Singapore charities hope you'll let them keep sending fliers

They and VWOs seek to keep fund-raising channel via mailers open

Charities and voluntary welfare organisations (VWOs) sending flier inserts with phone or utility bills are now relying on people not to opt out of receiving them so that this channel of fund-raising remains viable.

SingTel and Singapore Power, the only two of nine telcos, banks and utility companies checked with that carry mailers for charities, said they would give their customers the option of not receiving such appeals.

Since July 2, companies, including charities, have had to seek permission from individuals to send unsolicited marketing materials or fund-raising appeals.

As charities piggyback on the contact lists of companies which send out their fliers, they are dependent on them to obtain the requisite permission.

The Personal Data Protection Commission issued these clarifications, among others, last Thursday on how the Personal Data Protection Act relates to organisations in the social, health-care, education and photography sectors.

"If it's a blanket opt-out option for all third-party services, then we will be affected," said an Assisi Hospice spokesman.

"Hopefully, customers can have the option to differentiate the type of third-party information they wish to or wish not to receive - for example, a choice to opt out of marketing but not community service materials."

She added that a few hundred thousand people receive the mailers each time.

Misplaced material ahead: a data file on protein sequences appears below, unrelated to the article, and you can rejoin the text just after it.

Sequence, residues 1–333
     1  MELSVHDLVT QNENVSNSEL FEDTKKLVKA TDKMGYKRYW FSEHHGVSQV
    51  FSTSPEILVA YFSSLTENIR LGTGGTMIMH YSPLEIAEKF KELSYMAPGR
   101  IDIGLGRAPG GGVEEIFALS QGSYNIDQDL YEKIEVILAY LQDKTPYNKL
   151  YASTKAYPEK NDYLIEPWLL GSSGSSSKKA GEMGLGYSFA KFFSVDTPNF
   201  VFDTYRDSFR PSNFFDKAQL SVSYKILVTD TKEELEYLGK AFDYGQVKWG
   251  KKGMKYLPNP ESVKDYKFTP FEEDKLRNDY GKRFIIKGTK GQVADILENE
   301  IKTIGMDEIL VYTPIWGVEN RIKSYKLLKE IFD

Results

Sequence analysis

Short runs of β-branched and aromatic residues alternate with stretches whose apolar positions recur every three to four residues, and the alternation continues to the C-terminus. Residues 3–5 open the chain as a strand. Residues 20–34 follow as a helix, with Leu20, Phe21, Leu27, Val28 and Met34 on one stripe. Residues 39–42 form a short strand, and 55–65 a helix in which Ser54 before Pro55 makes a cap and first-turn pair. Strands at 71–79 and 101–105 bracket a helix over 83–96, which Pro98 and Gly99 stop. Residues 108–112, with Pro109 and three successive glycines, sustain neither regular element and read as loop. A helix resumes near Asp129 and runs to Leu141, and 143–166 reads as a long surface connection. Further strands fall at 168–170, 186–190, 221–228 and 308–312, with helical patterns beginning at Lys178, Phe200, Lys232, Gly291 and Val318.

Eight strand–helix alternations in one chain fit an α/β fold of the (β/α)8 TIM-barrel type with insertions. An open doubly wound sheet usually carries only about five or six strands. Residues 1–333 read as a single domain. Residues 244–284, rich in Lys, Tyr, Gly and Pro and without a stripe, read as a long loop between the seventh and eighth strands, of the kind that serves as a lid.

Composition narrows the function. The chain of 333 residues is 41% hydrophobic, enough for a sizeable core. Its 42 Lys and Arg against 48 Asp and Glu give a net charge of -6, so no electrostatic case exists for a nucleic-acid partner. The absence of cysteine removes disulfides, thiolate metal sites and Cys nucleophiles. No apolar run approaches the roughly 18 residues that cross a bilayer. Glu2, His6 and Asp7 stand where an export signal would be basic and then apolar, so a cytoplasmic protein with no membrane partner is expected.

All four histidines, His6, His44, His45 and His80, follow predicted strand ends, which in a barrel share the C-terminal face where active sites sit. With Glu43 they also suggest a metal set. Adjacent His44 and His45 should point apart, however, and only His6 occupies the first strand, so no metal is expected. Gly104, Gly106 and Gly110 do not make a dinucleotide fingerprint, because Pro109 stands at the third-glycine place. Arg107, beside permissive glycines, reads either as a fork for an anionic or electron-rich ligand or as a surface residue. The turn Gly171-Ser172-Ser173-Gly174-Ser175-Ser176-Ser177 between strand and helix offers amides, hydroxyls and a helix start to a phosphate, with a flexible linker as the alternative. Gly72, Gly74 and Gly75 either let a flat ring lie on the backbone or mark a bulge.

Other charities sending mailers this way include Touch Community Services and the Leukemia and Lymphoma Foundation.

A Singapore Power spokesman said new customers can opt out of getting such inserts through e-mail, the telephone or in person when signing up for utility services.

SingTel has a portal on its website through which new and existing customers can specify the mailers they still want to receive and those they want to opt out of.

"VWOs and other businesses do have their materials inserted in our bills for a fee, and customers who do not wish to receive them can opt out," said a SingTel spokesman.

The Straits Times understands that the handling fee for each insert is about five cents. Charities can run several thousand to over a million of these inserts.

Charities depending on such services as part of their fund-raising efforts may now have to work at persuading people to keep them.

Salesman Francis Tan, 46, said: "I chose to opt out, since I always ignore them. This way, at least they won't be wasting paper sending them out."

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